What discussion of gender roles emerges in Act IV, Scene 3?

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mstultz72 | High School Teacher | (Level 1) Educator Emeritus

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The Macduffs are foils of the Macbeths, though in Act IV scene  ii it seems that Macduff makes the same mistake that Macbeth makes in Act III, which is failing to consult with his wife and placing matters of the state above matters of the family.

Macduff, though absent in the scene, will discuss manhood in the next scene, iii.  Regarding the murder of his family, Malcolm will say to Macduff:

Dispute it like a man.

Macduff will answer:

I shall do so, / But I must also feel it as a man.

Macduff is sensitive to the murder of his family, unlike Macbeth, who defines manhood with murder.  But, Lady Macduff begs the question: why forsake the family for the state in the first place?

To understand this, one must understand "comitatus," the King-Thane relationship.  Macduff, a thane, is bound to serve his king by protecting his land and life.  If the king is killed, the thane is bound to avenge the king's death.  So, Macduff is off seeking revenge against Macbeth, while Macbeth, not bound to any loyalties, is seeking murder against all the Macduffs to pre-empt the witches' prophecies.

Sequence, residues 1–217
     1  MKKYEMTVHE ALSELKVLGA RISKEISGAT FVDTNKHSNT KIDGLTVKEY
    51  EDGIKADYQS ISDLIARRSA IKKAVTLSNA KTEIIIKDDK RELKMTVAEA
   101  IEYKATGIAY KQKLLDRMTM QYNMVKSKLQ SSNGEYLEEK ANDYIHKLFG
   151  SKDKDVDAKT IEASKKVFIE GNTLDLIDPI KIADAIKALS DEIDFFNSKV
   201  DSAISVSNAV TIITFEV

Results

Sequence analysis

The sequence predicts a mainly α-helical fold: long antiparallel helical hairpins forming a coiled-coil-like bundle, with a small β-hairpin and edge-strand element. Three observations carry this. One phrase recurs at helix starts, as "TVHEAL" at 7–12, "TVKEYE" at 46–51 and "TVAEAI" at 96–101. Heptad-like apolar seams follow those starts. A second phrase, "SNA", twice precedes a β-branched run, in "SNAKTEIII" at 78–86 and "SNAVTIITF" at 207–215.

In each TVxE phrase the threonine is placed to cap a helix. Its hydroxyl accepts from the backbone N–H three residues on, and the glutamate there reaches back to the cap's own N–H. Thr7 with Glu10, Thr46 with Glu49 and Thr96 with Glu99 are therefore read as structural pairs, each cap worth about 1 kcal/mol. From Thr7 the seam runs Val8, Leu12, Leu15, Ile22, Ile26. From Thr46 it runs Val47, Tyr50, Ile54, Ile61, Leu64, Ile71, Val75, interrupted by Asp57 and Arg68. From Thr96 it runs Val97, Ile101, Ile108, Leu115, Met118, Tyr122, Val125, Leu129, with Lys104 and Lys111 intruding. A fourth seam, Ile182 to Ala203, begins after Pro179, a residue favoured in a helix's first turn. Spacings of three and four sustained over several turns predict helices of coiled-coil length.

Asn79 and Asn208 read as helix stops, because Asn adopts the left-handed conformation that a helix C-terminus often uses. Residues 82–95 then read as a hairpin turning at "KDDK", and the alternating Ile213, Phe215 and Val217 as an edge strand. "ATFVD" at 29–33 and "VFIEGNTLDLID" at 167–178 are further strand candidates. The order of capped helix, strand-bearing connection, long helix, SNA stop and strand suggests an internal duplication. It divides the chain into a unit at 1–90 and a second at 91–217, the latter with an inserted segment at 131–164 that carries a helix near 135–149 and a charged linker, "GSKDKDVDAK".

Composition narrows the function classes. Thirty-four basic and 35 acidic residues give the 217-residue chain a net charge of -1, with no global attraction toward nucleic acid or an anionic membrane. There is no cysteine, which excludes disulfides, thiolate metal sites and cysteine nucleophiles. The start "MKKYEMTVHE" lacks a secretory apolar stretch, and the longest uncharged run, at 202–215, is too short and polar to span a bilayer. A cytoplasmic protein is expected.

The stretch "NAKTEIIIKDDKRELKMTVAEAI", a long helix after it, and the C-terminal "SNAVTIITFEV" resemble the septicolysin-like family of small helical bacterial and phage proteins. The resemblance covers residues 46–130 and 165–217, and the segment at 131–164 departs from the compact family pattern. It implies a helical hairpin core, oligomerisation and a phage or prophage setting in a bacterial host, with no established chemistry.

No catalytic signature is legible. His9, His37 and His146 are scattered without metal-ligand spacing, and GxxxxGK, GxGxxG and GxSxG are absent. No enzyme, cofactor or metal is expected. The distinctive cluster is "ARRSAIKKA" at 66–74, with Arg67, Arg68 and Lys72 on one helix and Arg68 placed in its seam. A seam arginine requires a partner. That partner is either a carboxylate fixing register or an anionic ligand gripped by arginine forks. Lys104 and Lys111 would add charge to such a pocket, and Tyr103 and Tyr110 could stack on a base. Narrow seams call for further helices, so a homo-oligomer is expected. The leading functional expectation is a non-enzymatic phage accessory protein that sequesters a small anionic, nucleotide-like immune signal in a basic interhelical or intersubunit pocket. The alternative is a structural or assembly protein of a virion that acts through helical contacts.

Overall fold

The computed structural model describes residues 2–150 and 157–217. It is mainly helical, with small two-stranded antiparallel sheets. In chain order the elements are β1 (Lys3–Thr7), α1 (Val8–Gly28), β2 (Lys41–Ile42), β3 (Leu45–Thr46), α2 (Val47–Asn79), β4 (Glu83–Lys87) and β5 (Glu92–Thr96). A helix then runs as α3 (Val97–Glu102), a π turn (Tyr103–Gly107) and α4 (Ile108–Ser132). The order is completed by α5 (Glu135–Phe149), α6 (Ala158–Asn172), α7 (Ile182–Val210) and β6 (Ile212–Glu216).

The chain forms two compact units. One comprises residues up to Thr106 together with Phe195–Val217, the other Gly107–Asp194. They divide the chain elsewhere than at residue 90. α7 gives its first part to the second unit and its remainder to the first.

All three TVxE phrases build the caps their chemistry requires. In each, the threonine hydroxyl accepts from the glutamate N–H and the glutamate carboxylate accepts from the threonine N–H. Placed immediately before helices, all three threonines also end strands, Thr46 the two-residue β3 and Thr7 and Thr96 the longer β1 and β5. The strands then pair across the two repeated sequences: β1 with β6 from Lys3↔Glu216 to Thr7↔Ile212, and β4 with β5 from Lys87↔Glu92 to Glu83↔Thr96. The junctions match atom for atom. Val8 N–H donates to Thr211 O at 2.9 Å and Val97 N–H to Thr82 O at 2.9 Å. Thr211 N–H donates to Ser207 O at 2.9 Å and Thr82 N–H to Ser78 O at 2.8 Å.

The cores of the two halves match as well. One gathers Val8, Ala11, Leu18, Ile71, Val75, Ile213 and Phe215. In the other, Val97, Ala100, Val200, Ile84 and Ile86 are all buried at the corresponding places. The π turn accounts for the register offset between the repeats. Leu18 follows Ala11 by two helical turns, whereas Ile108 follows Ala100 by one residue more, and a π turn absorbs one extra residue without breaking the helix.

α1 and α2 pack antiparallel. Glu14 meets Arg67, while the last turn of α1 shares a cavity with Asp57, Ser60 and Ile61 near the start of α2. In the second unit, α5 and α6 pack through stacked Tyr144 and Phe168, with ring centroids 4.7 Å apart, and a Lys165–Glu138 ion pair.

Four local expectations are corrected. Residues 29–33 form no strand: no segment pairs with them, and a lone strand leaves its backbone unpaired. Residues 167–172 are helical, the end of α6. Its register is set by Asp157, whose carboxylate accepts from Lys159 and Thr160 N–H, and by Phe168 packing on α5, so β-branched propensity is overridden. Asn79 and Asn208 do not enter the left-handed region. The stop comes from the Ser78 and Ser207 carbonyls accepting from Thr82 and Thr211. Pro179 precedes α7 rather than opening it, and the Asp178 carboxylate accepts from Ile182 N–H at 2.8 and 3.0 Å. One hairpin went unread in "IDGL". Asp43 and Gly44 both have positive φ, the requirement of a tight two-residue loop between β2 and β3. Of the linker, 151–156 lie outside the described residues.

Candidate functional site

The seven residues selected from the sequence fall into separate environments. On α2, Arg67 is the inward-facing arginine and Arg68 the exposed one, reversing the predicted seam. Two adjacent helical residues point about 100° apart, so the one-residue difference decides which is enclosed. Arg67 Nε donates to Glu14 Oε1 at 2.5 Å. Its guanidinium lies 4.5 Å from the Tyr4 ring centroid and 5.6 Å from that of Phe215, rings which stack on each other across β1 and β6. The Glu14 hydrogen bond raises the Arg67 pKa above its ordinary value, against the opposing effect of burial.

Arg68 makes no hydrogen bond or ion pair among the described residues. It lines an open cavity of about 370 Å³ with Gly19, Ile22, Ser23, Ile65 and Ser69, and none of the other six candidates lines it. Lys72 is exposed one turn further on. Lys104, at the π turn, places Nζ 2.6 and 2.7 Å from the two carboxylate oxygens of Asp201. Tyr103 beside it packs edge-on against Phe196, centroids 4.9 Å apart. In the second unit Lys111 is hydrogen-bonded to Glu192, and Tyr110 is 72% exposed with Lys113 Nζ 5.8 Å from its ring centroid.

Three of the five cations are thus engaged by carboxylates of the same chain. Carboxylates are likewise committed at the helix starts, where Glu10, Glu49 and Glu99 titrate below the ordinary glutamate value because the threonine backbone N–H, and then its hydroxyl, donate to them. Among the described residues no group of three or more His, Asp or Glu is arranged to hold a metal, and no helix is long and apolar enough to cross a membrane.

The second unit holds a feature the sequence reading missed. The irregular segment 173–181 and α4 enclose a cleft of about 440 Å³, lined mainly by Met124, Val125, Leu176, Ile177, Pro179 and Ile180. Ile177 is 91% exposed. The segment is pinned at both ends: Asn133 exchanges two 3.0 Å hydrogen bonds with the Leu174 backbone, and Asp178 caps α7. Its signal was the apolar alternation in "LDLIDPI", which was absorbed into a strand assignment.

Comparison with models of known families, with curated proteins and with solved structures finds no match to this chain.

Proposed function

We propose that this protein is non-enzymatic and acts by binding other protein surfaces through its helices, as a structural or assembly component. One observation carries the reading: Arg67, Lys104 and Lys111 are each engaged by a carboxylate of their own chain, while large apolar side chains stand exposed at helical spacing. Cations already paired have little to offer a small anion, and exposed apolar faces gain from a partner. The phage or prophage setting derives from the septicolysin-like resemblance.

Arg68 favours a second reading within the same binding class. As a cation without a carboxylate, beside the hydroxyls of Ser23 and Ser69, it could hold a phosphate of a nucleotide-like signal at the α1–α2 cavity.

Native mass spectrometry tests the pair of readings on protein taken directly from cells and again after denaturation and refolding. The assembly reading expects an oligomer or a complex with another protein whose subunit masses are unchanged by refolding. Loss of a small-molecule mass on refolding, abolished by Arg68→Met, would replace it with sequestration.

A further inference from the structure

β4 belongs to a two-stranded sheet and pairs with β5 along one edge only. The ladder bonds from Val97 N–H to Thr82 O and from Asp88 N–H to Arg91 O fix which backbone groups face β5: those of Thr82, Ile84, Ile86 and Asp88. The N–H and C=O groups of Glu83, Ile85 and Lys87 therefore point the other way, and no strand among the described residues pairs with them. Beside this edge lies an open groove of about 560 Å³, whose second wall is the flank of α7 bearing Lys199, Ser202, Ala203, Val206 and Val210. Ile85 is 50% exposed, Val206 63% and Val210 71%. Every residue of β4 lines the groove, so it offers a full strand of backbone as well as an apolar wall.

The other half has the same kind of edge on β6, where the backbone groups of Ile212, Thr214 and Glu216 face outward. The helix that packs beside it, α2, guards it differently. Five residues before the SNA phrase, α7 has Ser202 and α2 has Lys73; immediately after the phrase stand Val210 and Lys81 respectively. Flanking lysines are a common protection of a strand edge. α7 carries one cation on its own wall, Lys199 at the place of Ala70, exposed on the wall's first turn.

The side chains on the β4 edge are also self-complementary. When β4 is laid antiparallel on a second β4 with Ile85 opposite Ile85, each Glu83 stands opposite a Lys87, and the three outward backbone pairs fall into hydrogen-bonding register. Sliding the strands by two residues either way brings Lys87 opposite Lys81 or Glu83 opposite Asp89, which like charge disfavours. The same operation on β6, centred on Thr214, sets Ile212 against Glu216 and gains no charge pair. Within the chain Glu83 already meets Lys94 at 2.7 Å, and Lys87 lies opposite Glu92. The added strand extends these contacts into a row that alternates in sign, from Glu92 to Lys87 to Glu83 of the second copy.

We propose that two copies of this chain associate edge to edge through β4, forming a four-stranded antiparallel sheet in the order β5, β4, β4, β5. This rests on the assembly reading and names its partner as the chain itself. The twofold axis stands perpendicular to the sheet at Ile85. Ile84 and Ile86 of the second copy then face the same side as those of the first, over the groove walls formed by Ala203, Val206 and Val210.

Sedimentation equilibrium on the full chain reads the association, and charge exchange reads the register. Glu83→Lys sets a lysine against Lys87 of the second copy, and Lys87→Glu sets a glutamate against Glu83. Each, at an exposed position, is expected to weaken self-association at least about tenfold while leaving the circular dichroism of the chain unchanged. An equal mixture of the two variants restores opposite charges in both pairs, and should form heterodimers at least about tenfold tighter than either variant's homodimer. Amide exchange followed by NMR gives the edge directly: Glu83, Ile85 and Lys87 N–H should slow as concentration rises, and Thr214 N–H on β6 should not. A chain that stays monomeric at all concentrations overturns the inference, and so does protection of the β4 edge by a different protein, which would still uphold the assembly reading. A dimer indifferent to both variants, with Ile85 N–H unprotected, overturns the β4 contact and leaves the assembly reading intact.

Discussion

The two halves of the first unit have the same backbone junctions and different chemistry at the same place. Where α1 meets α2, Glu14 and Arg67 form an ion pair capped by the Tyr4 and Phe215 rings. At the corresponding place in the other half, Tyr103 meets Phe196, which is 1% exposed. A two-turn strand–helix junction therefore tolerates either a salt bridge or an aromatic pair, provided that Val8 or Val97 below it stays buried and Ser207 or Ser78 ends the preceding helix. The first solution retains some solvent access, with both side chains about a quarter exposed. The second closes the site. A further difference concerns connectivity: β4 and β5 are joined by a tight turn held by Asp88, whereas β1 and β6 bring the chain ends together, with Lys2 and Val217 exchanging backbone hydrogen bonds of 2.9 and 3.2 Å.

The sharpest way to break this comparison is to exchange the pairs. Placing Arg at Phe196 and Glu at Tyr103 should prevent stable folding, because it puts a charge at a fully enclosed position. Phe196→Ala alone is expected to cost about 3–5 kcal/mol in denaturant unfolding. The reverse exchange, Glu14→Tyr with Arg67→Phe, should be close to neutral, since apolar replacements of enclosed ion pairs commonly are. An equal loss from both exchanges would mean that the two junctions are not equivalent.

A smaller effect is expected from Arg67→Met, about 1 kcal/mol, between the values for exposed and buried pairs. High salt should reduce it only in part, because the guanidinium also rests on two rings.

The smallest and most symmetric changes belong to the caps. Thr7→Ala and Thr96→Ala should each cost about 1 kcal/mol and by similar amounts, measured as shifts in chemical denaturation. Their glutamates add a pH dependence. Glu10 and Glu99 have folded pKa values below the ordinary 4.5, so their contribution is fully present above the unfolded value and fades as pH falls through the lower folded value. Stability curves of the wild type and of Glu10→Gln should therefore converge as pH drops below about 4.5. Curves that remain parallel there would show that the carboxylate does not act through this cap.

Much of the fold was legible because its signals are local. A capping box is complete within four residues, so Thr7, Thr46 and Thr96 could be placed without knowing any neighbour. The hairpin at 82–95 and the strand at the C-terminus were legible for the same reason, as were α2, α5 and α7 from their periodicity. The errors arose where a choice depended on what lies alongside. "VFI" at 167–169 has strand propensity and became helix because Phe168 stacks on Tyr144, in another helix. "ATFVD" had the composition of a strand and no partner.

Lady Macduff, who is bound to the family, cannot understand these male bonds of revenge.  It's all traitorous murder in her eyes.  Lady Macduff cannot understand why a man (Macbeth) would murder her and her son, since there is no political reason to do so.  Lady Macduff cannot understand why her husband would leave her defenseless.  She says to Ross:

What had he done, to make him fly the land?


You must have patience, madam.


He had none:
His flight was madness: when our actions do not,
Our fears do make us traitors.


You know not
Whether it was his wisdom or his fear.

Lady Macduff's monologue reveals the key gender differences:

Wisdom! to leave his wife, to leave his babes,
His mansion and his titles in a place
From whence himself does fly? He loves us not;
He wants the natural touch: for the poor wren,
The most diminutive of birds, will fight,
Her young ones in her nest, against the owl.
All is the fear and nothing is the love;
As little is the wisdom, where the flight
So runs against all reason.

A mother would never leave her babes.  Macduff's flight is neither wisdom, nor fear, nor reason.  She calls it traitorous (to the family), whereas Macduff might answer that he is defending country above family.  It's all a matter of priorities.

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